One thing I didn’t realize til I wrote this all out is that by reading men again, and focusing on debuts, I’ll end up reading a lot of novels by men in their early-to-mid twenties.

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Ew! The semi-autobiographical musings of a 23 year old!

Wish me luck!

(If this is tl;dr you can check me out on Booktube talking about my reading goals here.)

 

 

Cecilia Read-Along Books IX and X: Fifty Shades of Morty

Fair travelers, journey to the master post if thou art lost.

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We’ve talked about fantasy casting a little bit here, and I’ve had several spirited conversations with fellow readers-along about who could play Cecilia or Mortimer. I preferred Saoirse Ronan for Cecilia, and one reader in particular is gunning for Ben Wishaw as Morty.

But readers, I saw a movie trailer this week that changes everything.

Masquerades. Mind games. Meddling mothers. WE HAVE OUR MORTY.

And you know Jamie Dornan can rock a periwig:

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Jamie Dornan as Axel Von Fersen in Marie Antoinette

Anyhoo, readers, chime in with your dream casting and read on for my last recap:

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Good Morning, Shopaholic

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Sophie Kinsella cites Jane Austen as a major influence on her writing, and her Shopaholic series in particular. It makes sense: Becky Bloomwood is, like Austen heroines, a quirky, endearing character with a fatal flaw – not pride, or predjudice, but a propensity to overspend. Kinsella’s books, like Austen’s, skewer contemporary society while guaranteeing a happy ending.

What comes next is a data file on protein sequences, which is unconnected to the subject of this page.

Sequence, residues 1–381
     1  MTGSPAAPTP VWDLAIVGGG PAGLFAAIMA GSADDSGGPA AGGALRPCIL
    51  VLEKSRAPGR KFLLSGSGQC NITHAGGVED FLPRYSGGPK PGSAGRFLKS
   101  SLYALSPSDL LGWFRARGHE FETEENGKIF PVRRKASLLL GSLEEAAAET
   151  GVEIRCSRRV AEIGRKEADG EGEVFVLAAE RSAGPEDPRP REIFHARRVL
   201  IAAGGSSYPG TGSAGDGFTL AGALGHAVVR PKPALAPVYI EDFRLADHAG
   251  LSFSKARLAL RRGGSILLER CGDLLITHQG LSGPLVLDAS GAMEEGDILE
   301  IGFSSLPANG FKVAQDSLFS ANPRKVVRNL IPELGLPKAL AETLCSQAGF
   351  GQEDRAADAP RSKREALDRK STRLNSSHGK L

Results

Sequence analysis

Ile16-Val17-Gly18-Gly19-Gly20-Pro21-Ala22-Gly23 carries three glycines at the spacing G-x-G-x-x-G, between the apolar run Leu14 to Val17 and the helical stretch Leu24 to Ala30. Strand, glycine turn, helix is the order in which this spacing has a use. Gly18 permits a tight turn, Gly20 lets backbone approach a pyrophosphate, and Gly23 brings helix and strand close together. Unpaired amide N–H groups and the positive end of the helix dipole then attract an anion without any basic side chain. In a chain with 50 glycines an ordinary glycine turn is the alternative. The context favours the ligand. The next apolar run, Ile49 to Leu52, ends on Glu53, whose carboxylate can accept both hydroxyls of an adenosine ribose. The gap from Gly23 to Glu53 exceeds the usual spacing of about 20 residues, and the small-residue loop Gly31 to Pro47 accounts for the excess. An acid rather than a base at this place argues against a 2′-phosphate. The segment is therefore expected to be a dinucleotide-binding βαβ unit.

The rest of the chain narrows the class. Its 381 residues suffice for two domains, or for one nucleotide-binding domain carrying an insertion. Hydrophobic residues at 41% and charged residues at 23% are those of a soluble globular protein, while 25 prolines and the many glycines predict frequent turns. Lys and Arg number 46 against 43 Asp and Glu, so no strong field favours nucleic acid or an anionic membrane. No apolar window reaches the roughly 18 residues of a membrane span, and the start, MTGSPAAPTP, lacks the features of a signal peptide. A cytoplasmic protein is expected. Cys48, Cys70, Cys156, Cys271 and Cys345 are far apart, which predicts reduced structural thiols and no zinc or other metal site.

And it’s totally on-brand. Shopaholic titles are aimed directly at people who love Jane Austen (or think they would, if they get around to reading her.)

But I think Kinsella took some inspiration from another pioneering British woman author. One who might not resonate so well with her readers, being far too dark and dreary and depressing.

I read Good Morning, Midnight for Reading Rhys Week and in many ways it was a singular reading experience; but destructive heroine Sasha Jensen reminded me of something I’d read before. The fixation on clothes, accessories, and hair. The reliance on handouts from friends and family. The failed attempt at being a shopgirl. The time and effort spent on hiding from both her past and her future.

I thought it was all a coincidence till I got to the part where Sasha lies about knowing a second language to impress an employer. Just like Becky Bloomwood does in Confessions of a Shopaholic.

Then it dawned on me: Sasha Jensen is an older, broken Becky Bloomwood.

Don’t believe me? Let’s play a game.

Who said it: Becky Bloomwood or Sasha Jensen?

For each category, I chose one quote from Good Morning, Midnight, and one quote from Confessions of a Shopaholic. Can you guess who said it? Answers at bottom. Continue reading

Cecilia Read-Along Books VII and VIII: Move Morrice (Get Out The Way)

Fair travelers, journey to the master post if thou art lost.

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First, some housekeeping. Let’s drain the moat, and polish the chaise, and powder the wigs, etc.

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And uh, iron the hankies

My schedule as posted here has been thrown to the wind, and I just realized I made a mistake: The schedule has me posting a wrap-up on September 19, while the image I’ve used everywhere says the readalong ends on September 9. I’m a little disappointed you guys didn’t notice!

I want to finish sooner than later, because #ReadingRhys week starts on the 12th and I clearly can’t handle one blog event, let alone two (please follow along, I’m planning to show how Jean Rhys invented chick lit.) So to hurry things along, today I’m going to post on Books 7 and 8, and (fingers crossed) Book 9 & 10 over the weekend.

Oh yeah, I finished the book. Going camping in the rain means a lot of reading time! I must save my conclusions for the next post, but it feels good to be done.

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Cecilia Read-Along Book VI: And I feel so much depends on the weather (so is it raining in your drawing room?)

Fair travelers, journey to the master post if thou art lost.